• However the ISC, in a study by Oxford Economics, estimates it saves the taxpayer £3.5 billion every year by educating pupils outside the state (not £20 billion as The Times wrongly claimed, see Full Fact article here). In other words, this it what it would cost the state to educate all the pupils currently in the private school sector.
  • To put this £3.5 billion figure in context, in 2017-18 the government spent £39 billion on the state schools budget. That made up 58% of total government education spending in England. The current government has announced £2.6 billion more for schools in 2020-21 alone, so it appears capable of spending more billions on state schools when it needs to.

7. WHAT IS THE ‘EFFECT’ ON ACADEMIC OUTCOMES OF GOING TO A PRIVATE SCHOOL?

At each stage of school education – primary, lower secondary and upper secondary (sixth form) – those at private school achieve modestly better academic outcomes, even after allowing for their family backgrounds and prior achievement. There are currently 14 studies that have found a private school advantage.*

One example is:

  • For those educated at private primary (i.e. “prep”) schools in the 1980s, reading and maths scores were significantly greater than for those educated at state primary schools.
  • For those educated at prep schools in the 2000s, reading scores were significantly greater than for those educated at state primary schools.

Cumulatively, the advantages build up through young people’s time in education. The consequence is that the privately educated enter work life with better qualifications. Thus, comparing only among those from professional or managerial backgrounds:

  • Many more privately educated people obtain university degrees than state-educated pupils (85% compared with 67%); (???)
  • Twice as many (24% compared with 12%) obtain degrees at a ‘Russell Group’ university
  • An average of 43% of offers from Oxford and 37% from Cambridge were made to privately educated students between 2010 and 2015.

However, some studies have shown that once at university the advantages cease (and if anything are slightly reversed). One found that on some measures state pupils were significantly more likely to get a 2:1 than their private school peers.

8. WHAT IS THE DIFFERENCE IN EARNINGS IN LATER LIFE OF PRIVATELY EDUCATED PUPILS?

  • Those who attended fee-paying schools earned £4,500 more than those from state schools, three years after graduating, according to research.
  • Salaries of privately-educated people also increased more quickly, growing by £3,000 more over the same three-and-a-half year period.
  • The research said half of this difference can be explained by factors such as prior academic attainment and type of university, but the remaining half is not explained by academic factors and is likely to be down to articulacy, assertiveness and other soft skills.
  • Privately educated pupils are likely to earn almost £200,000 more between the ages of 26 and 42 than those from state schools, according to another report.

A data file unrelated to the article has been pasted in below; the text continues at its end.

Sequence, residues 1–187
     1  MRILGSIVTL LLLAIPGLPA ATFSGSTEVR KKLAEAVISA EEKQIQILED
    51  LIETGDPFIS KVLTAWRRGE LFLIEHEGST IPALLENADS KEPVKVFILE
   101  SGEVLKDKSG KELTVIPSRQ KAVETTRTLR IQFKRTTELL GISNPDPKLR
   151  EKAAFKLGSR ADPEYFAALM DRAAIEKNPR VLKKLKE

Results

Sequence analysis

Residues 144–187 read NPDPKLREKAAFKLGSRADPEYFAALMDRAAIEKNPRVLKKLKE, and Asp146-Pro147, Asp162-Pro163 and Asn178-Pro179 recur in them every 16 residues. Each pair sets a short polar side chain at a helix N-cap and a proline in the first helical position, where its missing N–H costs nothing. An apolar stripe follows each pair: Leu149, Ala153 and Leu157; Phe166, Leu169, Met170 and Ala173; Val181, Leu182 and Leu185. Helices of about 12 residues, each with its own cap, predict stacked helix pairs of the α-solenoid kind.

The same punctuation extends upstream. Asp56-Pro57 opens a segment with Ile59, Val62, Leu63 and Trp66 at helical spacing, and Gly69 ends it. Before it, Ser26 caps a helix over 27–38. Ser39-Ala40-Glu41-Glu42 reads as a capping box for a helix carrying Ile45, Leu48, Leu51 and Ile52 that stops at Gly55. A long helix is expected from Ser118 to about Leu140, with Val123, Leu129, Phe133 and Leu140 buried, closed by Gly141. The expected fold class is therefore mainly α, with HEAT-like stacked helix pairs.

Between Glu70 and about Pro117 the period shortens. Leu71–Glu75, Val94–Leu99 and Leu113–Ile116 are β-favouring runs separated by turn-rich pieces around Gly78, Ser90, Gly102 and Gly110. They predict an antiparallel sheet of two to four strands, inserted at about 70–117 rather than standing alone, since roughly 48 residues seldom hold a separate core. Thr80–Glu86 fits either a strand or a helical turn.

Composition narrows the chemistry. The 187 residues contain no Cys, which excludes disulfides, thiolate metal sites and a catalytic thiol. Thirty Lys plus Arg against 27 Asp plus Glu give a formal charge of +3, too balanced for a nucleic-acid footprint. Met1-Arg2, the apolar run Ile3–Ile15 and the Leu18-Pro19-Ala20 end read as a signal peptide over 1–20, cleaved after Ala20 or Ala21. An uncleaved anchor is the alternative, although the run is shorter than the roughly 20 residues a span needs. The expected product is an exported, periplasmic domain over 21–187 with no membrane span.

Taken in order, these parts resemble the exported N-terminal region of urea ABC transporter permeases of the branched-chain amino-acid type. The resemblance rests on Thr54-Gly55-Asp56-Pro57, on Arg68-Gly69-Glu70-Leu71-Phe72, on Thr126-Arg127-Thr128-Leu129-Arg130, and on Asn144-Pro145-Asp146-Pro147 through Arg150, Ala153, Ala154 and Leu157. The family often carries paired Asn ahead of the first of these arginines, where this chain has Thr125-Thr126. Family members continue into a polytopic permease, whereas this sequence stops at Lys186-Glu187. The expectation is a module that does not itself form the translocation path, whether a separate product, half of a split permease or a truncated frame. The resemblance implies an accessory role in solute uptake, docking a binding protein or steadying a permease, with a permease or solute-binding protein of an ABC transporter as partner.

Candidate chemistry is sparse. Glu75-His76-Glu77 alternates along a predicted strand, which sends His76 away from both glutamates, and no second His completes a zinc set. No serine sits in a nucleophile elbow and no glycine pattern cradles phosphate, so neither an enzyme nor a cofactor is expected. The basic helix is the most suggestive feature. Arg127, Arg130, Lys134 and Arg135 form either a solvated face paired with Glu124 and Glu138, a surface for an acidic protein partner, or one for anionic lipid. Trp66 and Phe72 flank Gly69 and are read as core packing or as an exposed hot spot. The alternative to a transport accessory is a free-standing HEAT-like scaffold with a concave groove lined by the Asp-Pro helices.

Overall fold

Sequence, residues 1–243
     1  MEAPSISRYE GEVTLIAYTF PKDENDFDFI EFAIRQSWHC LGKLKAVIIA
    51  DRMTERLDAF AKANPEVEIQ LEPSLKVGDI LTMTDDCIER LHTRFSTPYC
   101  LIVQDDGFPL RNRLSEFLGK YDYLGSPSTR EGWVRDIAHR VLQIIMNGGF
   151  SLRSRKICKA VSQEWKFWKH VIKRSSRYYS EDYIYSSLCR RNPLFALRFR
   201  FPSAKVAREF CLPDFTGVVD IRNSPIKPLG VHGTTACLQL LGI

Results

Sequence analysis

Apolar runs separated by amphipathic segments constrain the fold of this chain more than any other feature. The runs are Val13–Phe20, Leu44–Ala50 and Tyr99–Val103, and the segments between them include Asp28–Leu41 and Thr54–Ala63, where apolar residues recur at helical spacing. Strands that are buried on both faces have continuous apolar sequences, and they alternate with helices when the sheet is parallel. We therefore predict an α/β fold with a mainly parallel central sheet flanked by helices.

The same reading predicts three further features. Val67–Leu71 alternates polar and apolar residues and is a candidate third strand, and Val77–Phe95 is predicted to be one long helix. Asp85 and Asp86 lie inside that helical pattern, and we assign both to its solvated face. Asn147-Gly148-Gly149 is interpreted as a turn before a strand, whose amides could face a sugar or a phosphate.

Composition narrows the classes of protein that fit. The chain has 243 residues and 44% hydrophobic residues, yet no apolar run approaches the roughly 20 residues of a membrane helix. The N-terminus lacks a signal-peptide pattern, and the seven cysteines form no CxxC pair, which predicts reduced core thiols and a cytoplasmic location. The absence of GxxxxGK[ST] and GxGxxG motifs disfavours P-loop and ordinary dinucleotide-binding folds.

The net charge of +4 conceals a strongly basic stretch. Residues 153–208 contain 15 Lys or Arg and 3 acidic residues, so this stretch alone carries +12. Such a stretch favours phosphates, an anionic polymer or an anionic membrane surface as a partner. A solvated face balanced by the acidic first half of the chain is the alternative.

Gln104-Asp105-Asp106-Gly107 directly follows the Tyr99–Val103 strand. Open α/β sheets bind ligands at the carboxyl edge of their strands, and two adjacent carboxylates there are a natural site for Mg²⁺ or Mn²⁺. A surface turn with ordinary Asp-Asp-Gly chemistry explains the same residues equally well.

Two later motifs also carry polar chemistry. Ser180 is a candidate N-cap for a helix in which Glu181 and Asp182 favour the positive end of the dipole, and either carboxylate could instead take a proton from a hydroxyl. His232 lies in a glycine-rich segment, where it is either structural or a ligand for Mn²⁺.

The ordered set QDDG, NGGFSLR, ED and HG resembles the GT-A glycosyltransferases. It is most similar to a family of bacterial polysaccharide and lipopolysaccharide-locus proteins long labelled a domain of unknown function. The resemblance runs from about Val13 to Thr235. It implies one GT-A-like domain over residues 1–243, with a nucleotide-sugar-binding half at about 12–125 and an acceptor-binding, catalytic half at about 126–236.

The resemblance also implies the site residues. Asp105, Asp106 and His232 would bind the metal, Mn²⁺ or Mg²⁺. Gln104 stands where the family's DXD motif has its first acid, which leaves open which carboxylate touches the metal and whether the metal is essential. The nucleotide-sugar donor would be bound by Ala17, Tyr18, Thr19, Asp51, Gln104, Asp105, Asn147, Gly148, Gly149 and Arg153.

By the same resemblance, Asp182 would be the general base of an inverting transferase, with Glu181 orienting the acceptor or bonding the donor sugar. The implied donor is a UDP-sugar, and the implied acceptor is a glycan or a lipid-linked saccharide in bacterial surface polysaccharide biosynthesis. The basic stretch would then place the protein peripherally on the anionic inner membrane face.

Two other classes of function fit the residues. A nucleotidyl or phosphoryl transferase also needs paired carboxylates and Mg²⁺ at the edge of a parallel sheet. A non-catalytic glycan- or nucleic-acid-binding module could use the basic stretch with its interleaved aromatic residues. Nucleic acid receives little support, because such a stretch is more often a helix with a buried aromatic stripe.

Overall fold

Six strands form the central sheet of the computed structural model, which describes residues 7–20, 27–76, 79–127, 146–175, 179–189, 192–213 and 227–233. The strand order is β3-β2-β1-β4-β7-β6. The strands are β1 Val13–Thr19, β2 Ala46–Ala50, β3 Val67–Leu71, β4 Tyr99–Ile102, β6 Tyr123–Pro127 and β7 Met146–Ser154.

9. WHAT PROPORTION OF ADULTS IN PROFESSIONS AND POLITICS WERE PRIVATELY EDUCATED?

  • 65% of senior judges; 52% of junior ministers; 52% of diplomats; 49% of senior armed forces; 45% of public body chairs; 44% of national news columnists; 43% of male international cricketers; 20% of pop stars; and 16% of university vice chancellors attended private school.
  • At the time of research, 29% of MPs were from a private school background, a figure which has been decreasing over time as more state-educated MPs enter the Commons.
  • The House of Lords is less representative, with 57% of its members educated privately. This figure is actually 8 percentage points higher than 2014.
  • In current prime minister Boris Johnson’s cabinet, the proportion of privately-educated ministers is twice as high as Theresa May’s 2016 cabinet – at 64% compared to 30%. In David Cameron’s 2015 cabinet, the rate was 50%.

Of course, these statistics effectively “look backwards” in time because many of those in top positions now would have been at private school several decades ago.

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10. HOW MANY ADULTS HAVE BEEN PRIVATELY EDUCATED?

  • Roughly 9% of the British adult population have been, at some time, at a private school.
  • This proportion is greater than the proportion of current school children in private education, because many switch between the sectors at different stages of their school careers.

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11. WHERE ARE THE SCHOOLS?

Private schools are all over Britain. However, their density varies:

  • England’s private schools are disproportionately concentrated in London and in the South East region. They are also concentrated within London, where in some boroughs – Richmond-Upon-Thames, Camden and Westminster – more than three in ten schools are independent.

Scotland’s schools are concentrated disproportionately around Edinburgh.

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12. HOW MANY PRIVATE SCHOOLS ARE THERE?

  • There are about 2,500 private schools across the UK; this varies a little from year to year.
  • In 2018 there were 2,320 private schools across England; these were 9.5% of all schools in England.
  • Only 1,364 of these schools are affiliated to the Independent Schools Council (ISC); however, these ISC-affiliated schools educate about 85% of all private school pupils.Fig. 2 Share of private schools and pupils in England in the 21st Century

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* Data health warnings:

a) Each young person is unique: the above findings are only averages across the population.

b) While studies take account of the differences in socio-economic background between private- and state-educated people and in their prior achievements, there are no random controlled tests or similar experimental evidence of causal effects.